"Well, it’s not quite that simple," Colin responded. "They’ve got me too. See, back about a year ago, Jeff brought the proposal over me. They had found a machine cell that Magna had ordered and then declined to accept delivery on. ABB was anxious to sell the machine as long as we could come up with the money quickly. The cell would normally have cost abut $450,000 and they were prepared to let us have it for $250,000, without technical support. We had to make a deal quickly, so Jeff discussed it with me. If we followed normal capital budgeting channels, it would have taken at least 9 months to get the machine approved and we would have to pay the full price. So Jeff proposed that we do it out of our maintenance and supplies budget, instead of the capital budget. ABB was willing to take 5 installments of $50,000 each, so it was pretty easy to hide it in on-going operations as repairs, maintenance, and upgrades to our existing equipment."

"Why do all that?" Betty looked bewildered.

"Our normal capital budgeting process requires us to get projects greater than $50,000 approved at Corporate. They also would have required us to get the technical support that would have pushed the price tag up to at least $400,000. We could never have snuck that one through!"

"What did Ross Johnson think?" Betty asked, "He’s always been good with advice. I think he wants you to take his job when he leaves."

"Betty, you don’t go to the corporate controller with something like this, for Pete’s sake. I think he would have understood why I was doing it, but he couldn’t tell me to violate a policy that he helped put in place."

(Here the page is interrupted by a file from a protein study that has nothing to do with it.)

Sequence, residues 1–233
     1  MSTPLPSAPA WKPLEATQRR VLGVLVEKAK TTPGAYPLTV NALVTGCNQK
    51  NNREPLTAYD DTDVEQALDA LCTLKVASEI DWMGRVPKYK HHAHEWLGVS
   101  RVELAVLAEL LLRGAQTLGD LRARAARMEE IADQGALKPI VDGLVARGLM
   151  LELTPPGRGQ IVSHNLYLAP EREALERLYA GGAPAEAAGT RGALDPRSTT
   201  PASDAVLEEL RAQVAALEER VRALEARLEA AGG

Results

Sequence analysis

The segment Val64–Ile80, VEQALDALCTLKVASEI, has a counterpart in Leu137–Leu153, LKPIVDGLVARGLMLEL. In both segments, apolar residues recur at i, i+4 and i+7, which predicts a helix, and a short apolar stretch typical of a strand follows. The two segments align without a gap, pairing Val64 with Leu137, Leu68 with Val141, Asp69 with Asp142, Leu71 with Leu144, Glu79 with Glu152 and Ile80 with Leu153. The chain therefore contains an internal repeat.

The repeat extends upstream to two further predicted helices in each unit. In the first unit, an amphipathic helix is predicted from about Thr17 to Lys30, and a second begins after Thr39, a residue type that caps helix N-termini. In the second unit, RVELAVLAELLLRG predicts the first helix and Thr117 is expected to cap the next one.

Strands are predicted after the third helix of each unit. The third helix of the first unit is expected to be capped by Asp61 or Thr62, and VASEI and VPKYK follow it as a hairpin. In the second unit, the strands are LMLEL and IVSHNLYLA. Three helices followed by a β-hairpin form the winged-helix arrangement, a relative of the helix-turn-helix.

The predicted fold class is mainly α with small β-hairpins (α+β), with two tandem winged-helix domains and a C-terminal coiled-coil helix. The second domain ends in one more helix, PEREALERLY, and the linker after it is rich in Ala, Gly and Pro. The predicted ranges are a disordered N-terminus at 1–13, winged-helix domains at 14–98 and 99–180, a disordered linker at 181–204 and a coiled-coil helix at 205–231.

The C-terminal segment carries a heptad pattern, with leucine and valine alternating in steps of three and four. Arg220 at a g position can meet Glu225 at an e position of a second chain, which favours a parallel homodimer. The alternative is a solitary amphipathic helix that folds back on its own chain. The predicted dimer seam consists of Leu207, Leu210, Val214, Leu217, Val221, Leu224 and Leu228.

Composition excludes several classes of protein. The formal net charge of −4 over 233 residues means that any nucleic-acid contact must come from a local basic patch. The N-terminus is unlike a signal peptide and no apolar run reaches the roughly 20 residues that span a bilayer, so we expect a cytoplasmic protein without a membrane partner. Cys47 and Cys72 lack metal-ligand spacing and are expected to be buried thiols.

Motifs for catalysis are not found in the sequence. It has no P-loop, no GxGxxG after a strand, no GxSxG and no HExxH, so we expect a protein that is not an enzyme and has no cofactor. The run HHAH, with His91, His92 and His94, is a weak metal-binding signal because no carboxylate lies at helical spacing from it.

"You were just audited last month. Didn’t they ask any questions?"

That question brought a wry smile to Colin’s face. "No, they were easy to con. We were most anxious about internal audit, but they rarely walk the shop floor. They’re much more interested in our expense accounts. I don’t think that they could have comprehended the size of our ‘project’.

"So what went wrong? What’s the problem?"

"It turns out that Jeff didn’t understand how difficult the installation of this cell would be without technical support. He can’t call Corporate, because they don’t know about it. The cell is still sitting idle and we’ve been hiring consultants to get this white elephant underway. I’ve been hiding the costs, charging them to our other production lines. As a result, we’ve run up big negative variances. I’m on the hook for that.....and that jerk Jeff wants to replace the whole software interface with our other lines. He says that will finally take care of the problem, but I’m not sure I trust him."

Betty hesitated and then spoke slowly. "How about discussing it with Ross and coming clean on the problem? He’ll give you good advice."

"Are you kidding? He’s likely to sack me on the spot. He was constantly warning me to stay aloof from the division management but, since they determine my bonus based upon their performance, I wanted to help in anyway I could. Jeff keeps telling me that the former divisional controller walked close to the edge and managed to get that plum job down in North Carolina. I guess that I just wanted the best for you and Krissy."

"Well, Colin, what are you going to do?"

"I don’t know. If I tell Ross, he’ll probably fire me. On the other hand, it seems that we’re going further and further into the deep stuff. I don’t know how long I can keep this hidden."

"Well, I’m not sure that Krissy and I can handle it either, Colin. How about going up and tucking her in, and telling her you’re sorry."

If you were Colin, what would you do?